Here’s a jumper I knitted. The Offshore V-Neck by Bristol Ivy:
I picked up a bag of lovely Debbie Bliss Donegal Tweed in a Brocki for pretty cheap, and started looking for a project. Since my last big knitting projects had been all about colourwork (Aftur and Bláithín), I wanted a bit of the other one: cables. I loved the Offshore jumper as soon as I saw it and dived straight in.
This was all nearly two years ago. The process was a bit of a slog due partly to my own indecision and mistakes, and partly to the confusingly-written pattern.
I started in the smallest size, and after I’d knitted the bottom ribbing and a fair chunk of the cable pattern I realised it was going to be too small, so I ripped it all back and started in the next size up. I hate the idea of knitting something and it being unwearable.
I also made a few mistakes in the increasing and decreasing along the way. In the past would have left some of these in, thinking it added to the charm of a hand-made piece, but these days I’d rather put in a bit of extra time and do it properly (it’s one of the things about me that winds my boss up).
Here are some pictures of the jumper before the nitty-gritty:
So, the pattern problems. I’ve put these on my Ravelry as well, but for anyone who doesn’t have an account / can’t be bothered to click through / isn’t that interested in knitting pattern notes but will read them anyway if they’re there, here they are.
- Other knitters have noted that the yoke, as written, is far too small and therefore the armholes and neckhole are very tight. As other knitters did, I added depth to the yoke by stopping a number of rows early, as if for two sizes above the one I was knitting, and spacing out the raglan decreases correspondingly.
- Something that it would have been nice to mention in the pattern is that it is VERY IMPORTANT that the body and sleeves are both stopped on an odd-numbered row of the cable chart, bound off on an even-numbered row and then joined on an odd-numbered row. Otherwise you will find yourself trying to cable from the wrong side.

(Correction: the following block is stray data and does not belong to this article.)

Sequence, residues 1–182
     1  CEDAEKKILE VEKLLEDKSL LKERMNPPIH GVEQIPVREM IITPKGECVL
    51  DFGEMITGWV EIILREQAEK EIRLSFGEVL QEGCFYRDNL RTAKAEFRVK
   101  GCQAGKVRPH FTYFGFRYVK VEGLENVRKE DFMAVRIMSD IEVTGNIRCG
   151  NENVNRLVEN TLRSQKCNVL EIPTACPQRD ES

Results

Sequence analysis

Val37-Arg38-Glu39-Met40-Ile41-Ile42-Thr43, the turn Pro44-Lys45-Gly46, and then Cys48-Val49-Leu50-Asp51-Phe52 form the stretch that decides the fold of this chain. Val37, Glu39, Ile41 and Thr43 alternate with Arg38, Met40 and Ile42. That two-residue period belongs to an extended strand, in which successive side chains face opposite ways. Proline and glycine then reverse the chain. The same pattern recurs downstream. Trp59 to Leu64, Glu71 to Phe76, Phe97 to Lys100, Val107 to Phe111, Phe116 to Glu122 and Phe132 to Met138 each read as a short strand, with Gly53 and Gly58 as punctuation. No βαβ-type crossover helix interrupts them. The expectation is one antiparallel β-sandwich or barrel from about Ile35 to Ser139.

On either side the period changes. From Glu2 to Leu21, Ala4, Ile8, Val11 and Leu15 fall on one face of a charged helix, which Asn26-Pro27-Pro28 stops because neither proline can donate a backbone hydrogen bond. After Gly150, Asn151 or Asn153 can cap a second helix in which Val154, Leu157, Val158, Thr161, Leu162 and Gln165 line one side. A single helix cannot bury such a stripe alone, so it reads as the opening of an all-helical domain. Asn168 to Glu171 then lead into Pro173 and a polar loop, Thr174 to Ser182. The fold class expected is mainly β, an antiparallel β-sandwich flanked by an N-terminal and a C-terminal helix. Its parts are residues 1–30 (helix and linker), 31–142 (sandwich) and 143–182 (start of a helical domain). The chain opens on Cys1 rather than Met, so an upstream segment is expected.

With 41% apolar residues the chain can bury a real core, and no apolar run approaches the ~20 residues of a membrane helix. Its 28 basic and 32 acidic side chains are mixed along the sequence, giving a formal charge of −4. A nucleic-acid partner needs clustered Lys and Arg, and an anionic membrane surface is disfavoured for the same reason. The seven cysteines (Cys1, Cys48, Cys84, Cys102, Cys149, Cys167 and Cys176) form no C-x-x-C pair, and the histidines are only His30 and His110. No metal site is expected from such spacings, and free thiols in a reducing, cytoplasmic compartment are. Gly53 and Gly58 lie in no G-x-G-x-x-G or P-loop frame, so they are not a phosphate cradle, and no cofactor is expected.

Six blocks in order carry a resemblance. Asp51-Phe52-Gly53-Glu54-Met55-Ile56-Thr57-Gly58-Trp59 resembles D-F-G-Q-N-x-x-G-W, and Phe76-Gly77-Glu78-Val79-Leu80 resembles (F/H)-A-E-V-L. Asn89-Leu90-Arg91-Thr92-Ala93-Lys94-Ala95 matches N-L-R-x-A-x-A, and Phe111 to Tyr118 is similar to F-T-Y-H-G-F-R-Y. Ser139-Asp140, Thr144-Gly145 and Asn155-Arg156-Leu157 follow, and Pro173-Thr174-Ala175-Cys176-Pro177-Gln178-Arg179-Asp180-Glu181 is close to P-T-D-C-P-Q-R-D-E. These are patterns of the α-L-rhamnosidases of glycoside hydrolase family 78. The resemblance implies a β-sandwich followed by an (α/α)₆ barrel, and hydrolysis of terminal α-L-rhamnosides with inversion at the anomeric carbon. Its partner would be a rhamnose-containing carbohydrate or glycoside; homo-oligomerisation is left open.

- The “at the same time” section of the pattern is complicated, and even more so if you’re trying to re-write it to make the yoke deeper. I drew out a chart to help me keep track of the neckline decreases and raglan decreases as well as the stitch counts for front, back and sleeves. Here is my chart:
- It’s also VERY IMPORTANT that when you get to the end of the neckline shaping you have 25 stitches left for each sleeve so that the saddle section works.
- I added an extra 5 rows at the end of the neck cable chart to increase the size of the neck hole. I should have added an even number, because I ended up with my cable row on the wrong side for the saddle. This was manageable, but annoying, and a silly mistake to make.
- There are 2 major actual mistakes that I can remember in the pattern:
One is on the cable A chart, there should be a purl stitch at the end of the chart (before you go back to stockinette stitch).
The other is in the right saddle decrease instructions. They should read:
Row 1: Work 24, p2tog, turn.
Row 2: sl1, work 23, ssk, turn.
Row 3: sl1, work 23, p3tog, turn.
Row 4: sl1, work 23, sssk, turn.
- The pattern says to pick up 67 stitches around the neck. I’d increased the size of the neckline so I picked up 83: 18 for the back, 13 along the vertical of each saddle, 19 down each side of the front and 1 at the centre front. I picked the stitches up in the 2×2 rib instead of just straight.
I don’t want to put anyone off knitting this pattern. It’s really lovely and I’ve been wearing it almost daily ever since I finished it. It just needs a bit more thinking through than other patterns.
On my version, the beautiful cable pattern gets a bit lost in the tweedy wool, so I’d probably recommend knitting it in something a bit simpler, but I also don’t turn down cheap, good quality wool from a second-hand shop, so I can’t complain.